Thursday, 29 May 2008

The Common Pursuit - Menier Chocolate Factory

Written for CultureWars.org.uk

Simon Gray’s 1984 play The Common Pursuit follows a group of Cambridge University friends from their college days through to their early middle age, tracing their largely successful literary or academic careers from the first meeting of an undergrad literary magazine - the titular The Common Pursuit, named after the collection of FR Leavis essays from his own magazine Scrutiny. It also follows their markedly less illustrious love lives.

It is, in short, about as familiar as territory gets. There’s the heroically literary one with the glamorous girlfriend, the solid un-artistic business-minded one, the brilliantly talented gay one, the self-conscious virgin one and the one who gets all the girls. By the end of the second scene, set ten years after they’ve graduated, it is pretty clear the only real question is who going to end up screwing whose wife.

As a view of humanity it is pretty bleak. The characters are ultimately selfish and cowardly, while all commitment to higher ideals result in failure or disappointment. Their failings are all the more depressing for ringing so horribly true. Publishing and the media are depicted as cynical and largely worthless, while academia and work of artistic merit are by turns elitist or futile.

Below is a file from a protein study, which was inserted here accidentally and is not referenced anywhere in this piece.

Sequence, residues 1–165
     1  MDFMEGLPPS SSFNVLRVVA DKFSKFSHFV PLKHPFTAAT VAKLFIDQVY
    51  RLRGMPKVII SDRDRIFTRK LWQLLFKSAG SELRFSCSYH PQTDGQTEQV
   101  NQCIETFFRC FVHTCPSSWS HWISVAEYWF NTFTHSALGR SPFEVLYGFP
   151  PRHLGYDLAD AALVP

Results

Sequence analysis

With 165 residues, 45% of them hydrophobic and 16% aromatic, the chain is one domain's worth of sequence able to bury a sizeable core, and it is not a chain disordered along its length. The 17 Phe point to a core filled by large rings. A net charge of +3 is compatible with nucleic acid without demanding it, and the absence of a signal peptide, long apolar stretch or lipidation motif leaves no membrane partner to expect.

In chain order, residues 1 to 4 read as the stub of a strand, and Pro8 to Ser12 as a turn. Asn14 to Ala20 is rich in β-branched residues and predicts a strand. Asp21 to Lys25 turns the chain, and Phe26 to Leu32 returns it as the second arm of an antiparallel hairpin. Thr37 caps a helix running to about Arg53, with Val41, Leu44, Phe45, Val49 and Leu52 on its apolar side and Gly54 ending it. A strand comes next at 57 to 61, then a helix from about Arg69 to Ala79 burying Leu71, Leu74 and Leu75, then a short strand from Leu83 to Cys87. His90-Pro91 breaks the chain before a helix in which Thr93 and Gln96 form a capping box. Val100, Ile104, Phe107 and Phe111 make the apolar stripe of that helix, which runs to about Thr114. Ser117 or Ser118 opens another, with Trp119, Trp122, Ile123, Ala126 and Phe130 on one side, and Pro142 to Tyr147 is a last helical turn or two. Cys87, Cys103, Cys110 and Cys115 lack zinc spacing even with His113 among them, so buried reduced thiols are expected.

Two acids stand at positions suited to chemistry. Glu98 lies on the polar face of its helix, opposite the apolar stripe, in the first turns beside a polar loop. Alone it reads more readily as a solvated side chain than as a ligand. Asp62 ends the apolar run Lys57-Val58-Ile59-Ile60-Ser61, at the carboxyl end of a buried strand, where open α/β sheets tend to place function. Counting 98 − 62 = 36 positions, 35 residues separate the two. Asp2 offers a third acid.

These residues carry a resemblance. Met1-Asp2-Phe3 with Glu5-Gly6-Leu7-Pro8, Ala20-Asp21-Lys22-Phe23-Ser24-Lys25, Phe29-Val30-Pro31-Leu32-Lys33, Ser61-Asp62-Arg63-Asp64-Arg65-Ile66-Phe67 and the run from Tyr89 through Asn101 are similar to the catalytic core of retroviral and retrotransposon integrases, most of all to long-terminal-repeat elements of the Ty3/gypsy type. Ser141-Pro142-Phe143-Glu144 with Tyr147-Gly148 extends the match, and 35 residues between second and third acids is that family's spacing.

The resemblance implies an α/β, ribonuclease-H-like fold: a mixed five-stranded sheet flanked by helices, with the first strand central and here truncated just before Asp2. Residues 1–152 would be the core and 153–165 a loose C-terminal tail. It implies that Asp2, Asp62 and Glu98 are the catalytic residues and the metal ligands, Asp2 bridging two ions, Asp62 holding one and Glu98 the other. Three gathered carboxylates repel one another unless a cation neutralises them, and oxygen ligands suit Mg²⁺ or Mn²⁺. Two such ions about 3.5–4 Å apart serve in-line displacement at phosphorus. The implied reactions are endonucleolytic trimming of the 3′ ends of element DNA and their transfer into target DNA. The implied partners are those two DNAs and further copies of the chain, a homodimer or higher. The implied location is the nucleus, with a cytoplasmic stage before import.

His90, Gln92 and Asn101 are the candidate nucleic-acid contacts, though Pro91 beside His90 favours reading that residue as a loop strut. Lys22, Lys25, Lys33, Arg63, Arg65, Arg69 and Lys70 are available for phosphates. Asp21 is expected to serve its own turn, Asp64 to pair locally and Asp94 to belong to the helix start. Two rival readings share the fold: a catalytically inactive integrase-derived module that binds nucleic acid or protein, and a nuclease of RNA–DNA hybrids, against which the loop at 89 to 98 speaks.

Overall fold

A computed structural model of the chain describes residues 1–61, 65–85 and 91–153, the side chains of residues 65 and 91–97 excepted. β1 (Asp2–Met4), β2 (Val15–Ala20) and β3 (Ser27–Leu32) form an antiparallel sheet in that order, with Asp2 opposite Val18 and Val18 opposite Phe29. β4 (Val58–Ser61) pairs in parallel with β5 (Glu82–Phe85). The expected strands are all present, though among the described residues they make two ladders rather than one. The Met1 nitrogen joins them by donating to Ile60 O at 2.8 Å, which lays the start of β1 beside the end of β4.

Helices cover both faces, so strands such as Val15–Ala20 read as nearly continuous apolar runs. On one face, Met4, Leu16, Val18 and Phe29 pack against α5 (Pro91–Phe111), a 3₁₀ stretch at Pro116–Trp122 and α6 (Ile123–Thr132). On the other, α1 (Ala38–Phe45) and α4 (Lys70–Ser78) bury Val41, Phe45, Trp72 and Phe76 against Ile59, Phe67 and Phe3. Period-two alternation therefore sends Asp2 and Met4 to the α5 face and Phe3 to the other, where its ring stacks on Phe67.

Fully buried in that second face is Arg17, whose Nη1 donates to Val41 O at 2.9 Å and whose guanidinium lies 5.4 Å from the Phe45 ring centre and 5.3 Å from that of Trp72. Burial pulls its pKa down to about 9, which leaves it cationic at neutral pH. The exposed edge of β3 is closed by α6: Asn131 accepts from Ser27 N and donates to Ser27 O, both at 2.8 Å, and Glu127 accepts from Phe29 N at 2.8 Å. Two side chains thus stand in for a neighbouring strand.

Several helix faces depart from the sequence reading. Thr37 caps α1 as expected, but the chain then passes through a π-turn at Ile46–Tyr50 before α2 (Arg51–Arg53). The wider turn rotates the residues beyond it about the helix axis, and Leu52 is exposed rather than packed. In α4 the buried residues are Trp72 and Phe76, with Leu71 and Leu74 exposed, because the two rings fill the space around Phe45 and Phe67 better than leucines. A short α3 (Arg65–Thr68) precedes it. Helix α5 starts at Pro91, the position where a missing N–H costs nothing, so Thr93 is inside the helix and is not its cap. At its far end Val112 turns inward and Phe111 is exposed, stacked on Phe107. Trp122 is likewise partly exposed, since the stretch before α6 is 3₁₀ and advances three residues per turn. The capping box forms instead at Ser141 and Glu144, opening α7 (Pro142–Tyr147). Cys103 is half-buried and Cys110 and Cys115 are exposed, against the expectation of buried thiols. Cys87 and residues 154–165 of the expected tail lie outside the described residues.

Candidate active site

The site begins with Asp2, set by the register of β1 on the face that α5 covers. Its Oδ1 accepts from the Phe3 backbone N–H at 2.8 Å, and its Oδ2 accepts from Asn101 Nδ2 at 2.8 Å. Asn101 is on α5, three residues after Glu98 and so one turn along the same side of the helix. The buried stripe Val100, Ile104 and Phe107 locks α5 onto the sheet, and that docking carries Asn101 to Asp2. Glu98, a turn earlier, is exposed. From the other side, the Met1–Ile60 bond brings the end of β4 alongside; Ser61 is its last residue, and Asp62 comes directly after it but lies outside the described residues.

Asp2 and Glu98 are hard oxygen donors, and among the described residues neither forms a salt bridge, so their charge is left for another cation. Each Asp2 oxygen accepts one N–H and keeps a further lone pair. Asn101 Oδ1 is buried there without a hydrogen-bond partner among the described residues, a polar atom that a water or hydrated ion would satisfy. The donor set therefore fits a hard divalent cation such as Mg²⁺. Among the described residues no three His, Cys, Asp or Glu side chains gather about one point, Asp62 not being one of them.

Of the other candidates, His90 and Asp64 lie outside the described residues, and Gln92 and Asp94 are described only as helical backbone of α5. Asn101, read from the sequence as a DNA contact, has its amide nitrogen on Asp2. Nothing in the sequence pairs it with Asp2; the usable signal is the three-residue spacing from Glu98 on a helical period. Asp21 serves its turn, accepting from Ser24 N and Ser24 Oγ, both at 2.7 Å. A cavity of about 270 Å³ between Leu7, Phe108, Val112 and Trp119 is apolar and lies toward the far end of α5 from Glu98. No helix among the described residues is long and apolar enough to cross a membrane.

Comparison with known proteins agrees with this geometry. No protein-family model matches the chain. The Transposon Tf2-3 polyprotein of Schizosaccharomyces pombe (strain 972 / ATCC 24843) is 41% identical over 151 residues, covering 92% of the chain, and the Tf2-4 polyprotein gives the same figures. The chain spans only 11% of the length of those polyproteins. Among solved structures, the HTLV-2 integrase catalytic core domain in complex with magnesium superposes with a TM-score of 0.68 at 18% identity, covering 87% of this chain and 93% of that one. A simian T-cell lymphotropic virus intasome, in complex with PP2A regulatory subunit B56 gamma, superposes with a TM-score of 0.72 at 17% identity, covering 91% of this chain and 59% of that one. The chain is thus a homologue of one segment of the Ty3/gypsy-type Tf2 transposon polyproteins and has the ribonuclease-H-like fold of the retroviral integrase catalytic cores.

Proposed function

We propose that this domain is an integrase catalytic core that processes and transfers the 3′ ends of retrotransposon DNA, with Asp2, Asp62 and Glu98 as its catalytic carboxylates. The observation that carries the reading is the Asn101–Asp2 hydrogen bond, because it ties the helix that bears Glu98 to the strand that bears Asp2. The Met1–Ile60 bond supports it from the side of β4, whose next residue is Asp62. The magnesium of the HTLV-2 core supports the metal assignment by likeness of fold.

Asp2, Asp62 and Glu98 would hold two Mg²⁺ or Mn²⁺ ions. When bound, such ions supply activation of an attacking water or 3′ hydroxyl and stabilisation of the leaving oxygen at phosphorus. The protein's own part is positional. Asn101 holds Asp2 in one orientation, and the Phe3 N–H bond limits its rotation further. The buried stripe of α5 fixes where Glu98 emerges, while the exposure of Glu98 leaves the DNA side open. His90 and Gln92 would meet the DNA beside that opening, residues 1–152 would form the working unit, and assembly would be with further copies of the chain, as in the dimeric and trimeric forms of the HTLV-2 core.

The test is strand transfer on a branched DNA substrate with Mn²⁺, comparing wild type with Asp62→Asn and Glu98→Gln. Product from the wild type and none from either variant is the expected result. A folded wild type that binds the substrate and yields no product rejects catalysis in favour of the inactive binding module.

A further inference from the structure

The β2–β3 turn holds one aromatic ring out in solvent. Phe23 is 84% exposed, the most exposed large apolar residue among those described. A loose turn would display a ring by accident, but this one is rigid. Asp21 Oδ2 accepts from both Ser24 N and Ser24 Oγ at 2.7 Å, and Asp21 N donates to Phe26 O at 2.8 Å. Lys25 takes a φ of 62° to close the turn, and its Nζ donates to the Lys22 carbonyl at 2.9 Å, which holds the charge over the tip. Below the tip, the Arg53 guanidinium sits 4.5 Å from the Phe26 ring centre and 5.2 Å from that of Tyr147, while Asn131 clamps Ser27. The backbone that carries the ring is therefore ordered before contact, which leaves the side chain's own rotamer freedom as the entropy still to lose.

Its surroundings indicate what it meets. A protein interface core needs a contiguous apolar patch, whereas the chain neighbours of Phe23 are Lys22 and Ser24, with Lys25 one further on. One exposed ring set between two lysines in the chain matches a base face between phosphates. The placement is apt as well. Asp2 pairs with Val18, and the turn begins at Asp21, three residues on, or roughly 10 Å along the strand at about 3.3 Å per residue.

The script mixes this bleakness with some moderately good jokes, albeit mostly ones about the superiority (particularly moral) of Cambridge to Oxford, and some moments of genuine shock and pain for the characters. However, there is a corrosive misogyny running though characters, while the only woman to appear on stage is given absolutely no interior life whatsoever.

Fiona Laird's production is solid if uninspiring. The performances hold up well enough: James Dreyfuss turns in the best performance as the inevitably tragic gay moral philosopher and Reece Shearsmith the least, playing a man with two main character traits - a nervous laugh and a smoker's cough - neither of which he does convincingly.

Once the play has reached its chronological conclusion, the final scene, set back at the beginning of the play, where the characters meet for the first time, young, idealistic and hopeful, is still quite shattering for all the sadness that we now know is in store for them.

3 comments:

Interval Drinks said...

I saw this yesterday and agree with pretty much every point you've made here.

Anonymous said...

Don't agree regarding Shearsmith. Easy to think he has an easy part - but I saw him utterly convince and as far as the character declining over the years... he easily made by far the best journey of some - ageing twenty years. Subtely too. Totally dreadful was Ben Caplan playing Martin. He was boring to the point of tedium. He damages the entire play with his non performance.

Laura said...

Mmm, can't help but second the previous Anonymous' comments - I agree with you largely, but think you were a little harsh on Shearsmith, who turned in a wonderfully believable performance when I attended. For my part, I found Stockley a little wooden; she seemed to be going through the motions a bit.

There's much to be said for the transient nature of theatre, I suppose!